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Director's Column

PLSJC Director Alan Hall writes a weekly column discussing library and community news, history, and other interesting subjects.

Ancestry.com - Library Edition

By Alan Hall, Director, PLSJ
Publish Date - Sunday, December 21, 2014

A couple of times each year, I receive a notice that our subscription to Ancestry.com – Library Edition has added more “enhanced services” to their largest online genealogy database in the world.

 

We have found their Library Edition to be a great resource for genealogists, and serves to access information that connects to other resources in our Local History and Genealogy Department.

 

To “keep them honest,” I have a note pad of my own family information that I check on Ancestry.com – Library Edition to see what new resources have been added and how they work against my own family tree.

 

Their database has grown dramatically over the years from basic Census records to databases of every imaginable type of information.

 

I can remember the days of digging through microfilm reels of U.S. Census data county-by-county looking for ancestors.  Reels were rented to libraries to fill requests until digitizing of these reels brought all Census data to online sources such as Ancestry.com – Library Edition.

 

The U.S. Census through 1940 is now available, with a 70 year window of restrictions placed on Census data.

 

My first “test” of the new improved Ancestry.com – Library Edition was my ancestor “Bazil Meeks” who we could never find his burial site.  The information quickly appeared that he was born 1792 and died in 1867 and is buried in Grandview Cemetery near New Matamoras, Ohio.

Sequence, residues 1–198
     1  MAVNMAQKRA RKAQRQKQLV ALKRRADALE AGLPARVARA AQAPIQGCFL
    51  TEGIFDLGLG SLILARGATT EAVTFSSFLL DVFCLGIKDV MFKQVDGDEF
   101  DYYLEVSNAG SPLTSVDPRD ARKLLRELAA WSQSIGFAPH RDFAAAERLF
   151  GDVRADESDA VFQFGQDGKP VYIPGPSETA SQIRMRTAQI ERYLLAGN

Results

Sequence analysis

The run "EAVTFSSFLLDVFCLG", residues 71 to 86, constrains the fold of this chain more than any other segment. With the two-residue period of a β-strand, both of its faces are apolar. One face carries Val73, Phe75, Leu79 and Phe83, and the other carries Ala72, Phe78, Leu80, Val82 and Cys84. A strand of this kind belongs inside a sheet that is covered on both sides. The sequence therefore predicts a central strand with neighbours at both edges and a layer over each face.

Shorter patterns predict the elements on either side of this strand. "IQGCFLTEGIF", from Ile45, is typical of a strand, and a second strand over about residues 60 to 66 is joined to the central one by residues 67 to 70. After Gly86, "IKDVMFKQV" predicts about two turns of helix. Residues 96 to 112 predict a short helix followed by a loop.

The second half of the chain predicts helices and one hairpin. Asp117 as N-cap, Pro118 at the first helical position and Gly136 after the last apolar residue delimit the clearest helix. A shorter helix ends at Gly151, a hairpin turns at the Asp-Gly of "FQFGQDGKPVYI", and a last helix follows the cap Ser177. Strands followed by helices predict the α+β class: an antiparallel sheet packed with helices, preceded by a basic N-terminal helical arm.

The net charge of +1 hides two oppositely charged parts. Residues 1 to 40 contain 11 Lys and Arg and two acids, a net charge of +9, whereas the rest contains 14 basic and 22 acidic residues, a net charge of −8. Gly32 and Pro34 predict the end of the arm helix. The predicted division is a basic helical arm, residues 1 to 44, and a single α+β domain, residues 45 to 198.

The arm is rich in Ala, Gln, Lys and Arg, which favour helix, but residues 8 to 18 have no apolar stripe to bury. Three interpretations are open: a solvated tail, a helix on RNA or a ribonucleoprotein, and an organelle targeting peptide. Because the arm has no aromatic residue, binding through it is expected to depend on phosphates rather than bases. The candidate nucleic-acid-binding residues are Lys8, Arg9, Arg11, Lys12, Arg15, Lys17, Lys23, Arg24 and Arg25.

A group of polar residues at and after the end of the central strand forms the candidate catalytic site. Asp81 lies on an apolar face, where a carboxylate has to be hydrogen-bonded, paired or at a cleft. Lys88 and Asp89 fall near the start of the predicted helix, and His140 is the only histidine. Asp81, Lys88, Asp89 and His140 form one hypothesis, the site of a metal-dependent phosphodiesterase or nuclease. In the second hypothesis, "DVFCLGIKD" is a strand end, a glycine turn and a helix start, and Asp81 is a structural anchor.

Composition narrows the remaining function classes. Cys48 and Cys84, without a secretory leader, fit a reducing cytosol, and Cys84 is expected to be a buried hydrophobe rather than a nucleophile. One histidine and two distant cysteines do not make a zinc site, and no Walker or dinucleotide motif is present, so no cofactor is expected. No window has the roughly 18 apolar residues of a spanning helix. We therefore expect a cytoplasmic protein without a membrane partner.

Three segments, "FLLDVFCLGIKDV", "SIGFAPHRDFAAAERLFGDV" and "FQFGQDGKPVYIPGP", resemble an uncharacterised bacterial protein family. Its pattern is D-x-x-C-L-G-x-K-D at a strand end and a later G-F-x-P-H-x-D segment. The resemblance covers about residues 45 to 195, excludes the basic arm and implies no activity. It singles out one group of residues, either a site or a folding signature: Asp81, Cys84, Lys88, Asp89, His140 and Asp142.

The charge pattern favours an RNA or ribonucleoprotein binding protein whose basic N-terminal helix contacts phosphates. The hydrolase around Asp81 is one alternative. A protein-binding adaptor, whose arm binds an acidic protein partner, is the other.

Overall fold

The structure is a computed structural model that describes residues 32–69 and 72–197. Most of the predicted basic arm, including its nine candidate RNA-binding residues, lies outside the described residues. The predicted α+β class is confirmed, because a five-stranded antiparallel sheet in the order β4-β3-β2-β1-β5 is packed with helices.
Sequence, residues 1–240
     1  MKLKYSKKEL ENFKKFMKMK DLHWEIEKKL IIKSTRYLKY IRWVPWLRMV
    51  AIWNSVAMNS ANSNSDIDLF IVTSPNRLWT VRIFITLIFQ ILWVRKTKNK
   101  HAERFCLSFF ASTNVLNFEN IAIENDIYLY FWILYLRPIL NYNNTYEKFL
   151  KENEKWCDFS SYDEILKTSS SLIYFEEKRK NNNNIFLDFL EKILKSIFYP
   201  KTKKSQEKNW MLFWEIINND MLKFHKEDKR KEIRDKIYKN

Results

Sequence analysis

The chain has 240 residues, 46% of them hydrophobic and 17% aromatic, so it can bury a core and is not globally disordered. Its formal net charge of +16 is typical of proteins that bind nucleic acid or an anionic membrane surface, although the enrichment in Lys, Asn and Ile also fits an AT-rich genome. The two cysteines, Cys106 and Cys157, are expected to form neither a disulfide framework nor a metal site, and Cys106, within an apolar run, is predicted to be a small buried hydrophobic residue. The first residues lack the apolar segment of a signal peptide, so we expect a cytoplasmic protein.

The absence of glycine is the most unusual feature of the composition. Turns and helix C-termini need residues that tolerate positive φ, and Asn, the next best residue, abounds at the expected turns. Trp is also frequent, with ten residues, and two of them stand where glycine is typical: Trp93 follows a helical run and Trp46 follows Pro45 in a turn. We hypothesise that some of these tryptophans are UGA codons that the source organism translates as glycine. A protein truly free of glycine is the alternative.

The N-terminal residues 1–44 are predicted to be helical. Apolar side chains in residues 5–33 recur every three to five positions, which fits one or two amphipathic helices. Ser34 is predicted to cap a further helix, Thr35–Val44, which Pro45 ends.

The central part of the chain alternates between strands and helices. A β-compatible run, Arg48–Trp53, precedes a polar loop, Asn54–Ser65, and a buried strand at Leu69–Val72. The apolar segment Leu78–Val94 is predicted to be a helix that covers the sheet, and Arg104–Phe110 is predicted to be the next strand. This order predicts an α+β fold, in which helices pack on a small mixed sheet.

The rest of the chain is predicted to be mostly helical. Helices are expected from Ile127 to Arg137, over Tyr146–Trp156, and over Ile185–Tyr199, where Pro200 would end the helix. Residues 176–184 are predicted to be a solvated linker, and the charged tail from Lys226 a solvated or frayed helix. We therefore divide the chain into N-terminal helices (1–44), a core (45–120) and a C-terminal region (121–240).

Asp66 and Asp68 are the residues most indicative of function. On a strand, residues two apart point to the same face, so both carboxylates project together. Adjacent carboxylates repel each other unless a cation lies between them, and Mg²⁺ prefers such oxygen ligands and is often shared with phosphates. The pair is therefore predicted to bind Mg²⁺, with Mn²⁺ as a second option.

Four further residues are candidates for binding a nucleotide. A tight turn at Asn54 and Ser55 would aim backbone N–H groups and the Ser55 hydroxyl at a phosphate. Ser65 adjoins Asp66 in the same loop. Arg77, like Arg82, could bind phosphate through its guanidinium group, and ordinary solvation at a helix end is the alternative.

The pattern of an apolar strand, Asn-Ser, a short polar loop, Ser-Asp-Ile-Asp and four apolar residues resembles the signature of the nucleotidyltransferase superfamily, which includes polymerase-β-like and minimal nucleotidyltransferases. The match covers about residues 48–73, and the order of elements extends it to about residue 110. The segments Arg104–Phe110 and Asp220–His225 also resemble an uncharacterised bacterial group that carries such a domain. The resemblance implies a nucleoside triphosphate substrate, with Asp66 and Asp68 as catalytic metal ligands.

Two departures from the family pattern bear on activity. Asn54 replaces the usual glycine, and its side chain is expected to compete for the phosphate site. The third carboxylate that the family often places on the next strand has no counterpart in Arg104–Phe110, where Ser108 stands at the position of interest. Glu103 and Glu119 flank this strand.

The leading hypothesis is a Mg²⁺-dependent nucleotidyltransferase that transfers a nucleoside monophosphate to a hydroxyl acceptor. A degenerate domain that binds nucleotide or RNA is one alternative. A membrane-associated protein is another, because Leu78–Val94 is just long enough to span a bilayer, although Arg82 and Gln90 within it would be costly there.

The sources of information are carefully recorded on all information, and as I linked to the “Find A Grave” database I found that someone had entered the information with the “assumption” that Bazil is buried there, no documented proof.

 

Welcome to the world of online genealogy and Wikipedia.

 

I felt better about the other new information about Bazil that his marriage record is registered in Ohio County, WV and the link to the digitized image clearly shows the record and the fact that he was born in Virginia.  Of course, West Virginia was Virginia at the time of his marriage, but the record is not more specific about his birthplace.

 

My great grandfather, Thomas Hall, is another “test case” for the enhanced database, but nothing new is showing for him except confirmation of his parent’s marriage in 1820 in Worchester County, Maryland.

 

Richard and Lavina Reader Hall had arrived in the Port of Baltimore from England as children and she is an example of the problem with digitizing old records.  The machine process of reading old records thinks her name is Louisa, Louella, Lisa, as well as six other possibilities, and her last name might be Hill.  Even a quick glance at the handwritten records shows a human being that her name is clearly Lavina Hall.

 

My grandmother’s brother, Pete, was a more significant success with now Ancestry.com – Library Edition.  He moved to Oklahoma in 1912 with the oil boom, and never returned to Ohio.

 

As a child, our family went to Tulsa and for a week in 1962 to visit Pete. I heard the 80 year-old tell tales of the days of the “wildcatters” drilling for Oklahoma crude.  We knew his relatives, but little about his life on the frontier.

 

The database now contains all of the Tulsa, OK City Directories online beginning in 1922, and I found Pete living in the rough and tumble downtown Tulsa in the Keystone Hotel for over 25 years.  The Directories even listed all the names of the oil field workers residing in the residential hotel those years.

 

He retired to East Tulsa to a small duplex house that we visited in 1962, and a check of Google maps found the brick house is there today all-renovated and being advertised for rent.

 

I also found Pete’s World War I Draft Registration card, now online.  It was interesting that he had to register at age 40 and was exempted as an “oil field worker.”  He had blue eyes and gray hair, was medium build, and was a driller for the C.J. McMahan Co. of Okmulgee, OK.

 

Mr. McMahan was a friend from Ohio, and the only reason I remember that information was that I met his aged friend in 1962 when we all went to a Mausoleum to they could purchase neighboring vaults.  (Even young librarians remember everything!)

 

So if you want to see what you can find out about your family tree, check Ancestry.com – Library Edition.